Sometimes it's hard for us to relate to the people's feelings about Zacchaeus. So consider, for a moment, how it would be if we lost the war on terror and the United States came under the control of Al Qaeda. Suppose, further, that Al Qaeda imposed heavy taxes upon us, which we had to pay under penalty of death. And then suppose that one of your neighbors went to work for Al Qaeda as a tax collector, and used his power to take even more of your money than you had to pay. He was so good at this that he became one of the richest people around. How would you feel about that person? Warm fuzzies? Hardly. Benign neglect? I doubt it. Every time you had to pay your taxes you would burn with hatred for this betrayer who profited so ably from your misery. That's rather like how the people of Jericho must have felt about Zacchaeus.
Walking Through the Story
So it comes as no surprise that Zacchaeus had to climb a tree in order to see Jesus. Though he was short of stature, he couldn't walk up to the crowd and say, "Excuse me, friends, would you mind if I stood in front of you?" He knew very well that this was begging for verbal abuse, if not a beating. So Zacchaeus climbed the tree to see Jesus.
We don't know exactly what Zacchaeus was thinking when he did this. I'd imagine that he was curious. He'd heard about the wonder-working holy man, and he wanted to catch a glimpse of Jesus for himself. Whether Zacchaeus was aware of more than mere curiousity in his heart, we don't know. But it's clear from the story that something else was going on, something God was doing, something marvelous and merciful. In a letter to priests written on Maundy Thursday 2002, Pope John Paul II observed:
In climbing the sycamore tree, Zacchaeus seems prompted by curiosity alone. At times, God's meetings with man do appear to be merely fortuitous. But nothing that God does happens by chance. . . . Zacchaeus had no idea that the curiosity which had prompted him to do such an unusual thing was already the fruit of mercy which had preceded him, attracted him and was about to change him in the depths of his heart. (Letter of the Holy Father Pope John Paul II "To Priests," for Holy Thursday, 2002.)
This mercy begins to reveal itself in the surprise of Jesus's action as he comes up upon Zacchaeus's tree. Rather than merely walking by, as would have been expected, Jesus stopped, looked up at the little man in the tree, and said, "Zacchaeus, hurry and come down; for I must stay your house today."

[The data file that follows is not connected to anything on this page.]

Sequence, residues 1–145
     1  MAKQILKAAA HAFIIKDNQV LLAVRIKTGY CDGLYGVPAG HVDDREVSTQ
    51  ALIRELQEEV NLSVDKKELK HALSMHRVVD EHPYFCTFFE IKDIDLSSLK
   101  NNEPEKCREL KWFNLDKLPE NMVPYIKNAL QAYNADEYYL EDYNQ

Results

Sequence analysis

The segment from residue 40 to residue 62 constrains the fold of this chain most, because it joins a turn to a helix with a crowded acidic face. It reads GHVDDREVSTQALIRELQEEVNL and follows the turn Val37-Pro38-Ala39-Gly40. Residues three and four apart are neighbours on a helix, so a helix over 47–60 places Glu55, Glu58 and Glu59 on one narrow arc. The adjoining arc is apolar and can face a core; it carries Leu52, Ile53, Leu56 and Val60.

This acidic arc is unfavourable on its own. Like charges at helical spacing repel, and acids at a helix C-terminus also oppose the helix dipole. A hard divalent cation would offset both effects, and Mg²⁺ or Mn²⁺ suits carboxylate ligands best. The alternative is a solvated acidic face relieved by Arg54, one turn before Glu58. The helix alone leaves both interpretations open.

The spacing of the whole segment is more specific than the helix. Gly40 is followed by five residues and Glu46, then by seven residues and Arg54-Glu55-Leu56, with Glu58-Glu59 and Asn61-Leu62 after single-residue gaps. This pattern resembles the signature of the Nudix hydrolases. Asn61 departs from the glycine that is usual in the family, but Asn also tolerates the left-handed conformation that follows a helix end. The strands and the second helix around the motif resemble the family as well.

We don't know how Jesus knew Zacchaeus's name, whether by ordinary means or by supernatural. But it does seem that Jesus knew from the Spirit that God had plans for Zacchaeus, so He stopped and called out to him.
This was surely unexpected, both by Zacchaeus and by the crowd. What Jesus actually said was even more startling. It wasn't just, "Shalom, Zacchaeus. Can you come down so we can chat?" Rather, Jesus broke through social conventions by inviting himself over to Zacchaeus's house. Why did He do this? From a sense of divine purpose: "I must stay at your house today." This was God's will, God's gracious plan for your, Zacchaeus.
Zacchaeus Welcomes Jesus
So Zacchaeus jumped down from his perch and, Luke says, "was happy to welcome him." Here's our key word, "welcome." Zacchaeus welcomed Jesus. Once again we see that this wasn't simply a handshake. In Jewish culture of the first-century A.D., eating together was a sign of friendship, of intimacy. So Zacchaeus was pleased to receive Jesus, not just into his home, but also into his private world, into his family, into his life, into his heart. Moreover, in a profound sense, Zacchaeus was welcoming, not only Jesus, but God into his life in a new way.
We can see clear evidence of this deeper welcome in Zacchaeus's pledge to give half of his possessions to the poor and to pay back four times over anyone he had defrauded. Here's a man who lived for money, and that's about it. He'd given up almost everything and had become a reviled outcast for the sake of Mammon. For Zacchaeus to offer freely to give away his stuff is ample evidence that God was transforming his heart.
Who Welcomes Whom?
One one level, this story illustrates how we can respond to God's grace by welcoming Him. When God calls out to us - sometimes through preaching, sometimes as we read His Word, sometimes through the still, small voice of the Spirit, sometimes through the human voices of other Christians, sometimes through suffering - we respond by hearing His voice and welcoming Him. In the words of the old gospel song, "Into my heart, into my heart, come into my heart, Lord Jesus. Come in today, come in to stay. Come into my heart, Lord Jesus."